“First of all, yes, it’s possible to hemorrhage and bleed to death quickly in birth IF YOU HAVE A SURGICAL WOUNDING. Women die from bleeding in cesareans and with episiotomies. The closest to death that I have ever seen a woman in childbirth was in a hospital birth where the ob/gyn cut an episiotomy, pulled the baby out quickly with forceps and then left the family doctor to repair the poor woman. We were skating in the blood on the floor and desperately trying to get enough IV fluids into her to save her life while the family doctor tried to suture the episiotomy wound as fast as he could. I have never seen anything like that in a home birth setting or a hospital birth that didn’t involve cutting."

"Think about it--would any midwife ever go to a homebirth if it was possible for the mother to die from bleeding in five minutes? I know I wouldn’t go if that could happen. We had a visit here in Vancouver BC from an ob/gyn from Holland back in the 1980’s. Dr. Kloosterman was the head of Dutch maternity services for many years and he was a real friend to homebirth and midwifery. He told us that you have AN HOUR after a natural birth before the woman will be in trouble from bleeding. Does this mean that you wait for an hour to take action with a bleeding woman? No, of course not. If there’s more blood than is normal, you need to call 911 and transport to the hospital within the hour, but you’re not going to have a maternal death before an hour is up.”

So, just because Gloria hasn’t seen a mother bleed to death in 5 minutes means it doesn’t happen? Does a midwife have to SEE something happen before she believes it can occur? Does a mother? Father? Nurse? Doctor? How could she not have learned about – heard about Amniotic Fluid Embolisms? Disseminated Intravascular Coagulation?

“AFE is considered an unpredictable and unpreventable event with an unknown cause. In the national registry, 41% of patients had a history of allergies. “Reported risk factors for development of AFE include multiparity, advanced maternal age, male fetus, and trauma. In a retrospective review of a 12-year period encompassing 180 cases of AFE, of which 24 were fatal, medical induction of labor increased the risk of AFE.8 In the same study, AFE was positively associated with multiparity, cesarean section or operative vaginal delivery, abruption, placenta previa, and cervical laceration or uterine rupture.”

While a homebirth midwife wouldn’t be participating in any medical induction, cesarean, traumatic birth, forceps or vacuum, we do have women who have had more than one baby, women that have sons, women who are over 35, could have a uterine rupture or placental abruption, a cervical laceration and, if the woman hasn’t had a sono, possibly a placenta previa (although there are usually signs beforehand that the placenta is overlying the cervix). And, as we all know, there are going to be some women who don’t fit into these categories at all.

So, why would a homebirth midwife continue attending births even though she knows there is a risk of losing a woman in under 5 minutes? Why do I attend births knowing what I know – having seen what I saw 20 years ago?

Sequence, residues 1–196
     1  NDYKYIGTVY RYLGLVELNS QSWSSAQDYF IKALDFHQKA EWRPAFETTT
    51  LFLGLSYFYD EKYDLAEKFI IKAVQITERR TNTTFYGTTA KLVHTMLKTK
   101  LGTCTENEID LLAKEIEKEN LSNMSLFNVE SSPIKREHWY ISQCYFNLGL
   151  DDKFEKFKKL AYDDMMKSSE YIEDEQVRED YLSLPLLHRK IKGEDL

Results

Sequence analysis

When I first went to learn midwifery and left school with a license to practice, it was the birth in the poem that continually danced in front of my eyes. I kept thinking, “What if that happens when I am the care provider? How will I handle the death of a woman… or baby?”


The Myth of the Vertex

There is a belief that if the baby is head down, the baby will come out the vagina. The thought continues that, if the baby didn’t come out the vagina, something was overlooked, someone did something wrong or the woman didn’t try hard enough.

The reality is – none of these beliefs is true.

Sometimes, babies that are head down simply (or complicated-ly) just don’t come out the vagina. It isn’t often, but it happens enough that natural birth advocates really should take a moment to listen.

On Empowering Birth blog, in her post "Why are moms so threatened?", Kat asks why some women are so threatened by hearing her say that their complications might have been caused by their care providers that they attack her. While I agree that folks just might not want to read her blog (or mine!) if they don’t want to hear alternatives or learning that their experience might not have had to happen, I also know that some women DID all that (the alternatives) and still had a cesarean/forceps/vacuum and don’t want to be told they made the wrong choice.

Example One:

My recent births that were mal-presenting vertexes. One was a face presentation that didn’t show itself until mom had been pushing for two hours. Some of that was because I didn’t do a vaginal exam early in pushing (my usual style, plus mom’s request), but even when I did do an exam, the baby gradually moved his face towards the outside. With each push, he wedged his face deeper and deeper in the pelvis. The pictures here show the wiggle wiggle, back and forth movement his face made over time until I was able to feel the softness of his cheek and it hit me that he was a face presentation. We quickly moved to the hospital and the wonderful doctor gave mom a couple of more hours to see if he would change from a Mentum Posterior (impossible to birth vaginally) to a Mentum Anterior. His heart rate had been great at home, but he began showing signs of distress as time passed in the hospital. By the time the decision was made to do the cesarean, he was having late decelerations (an ominous sign) and going downhill fast. The cesarean surely saved his life as he came out completely gone, needing full-on resuscitation, including CPR. The amount of meconium that came with his birth was described as sludge.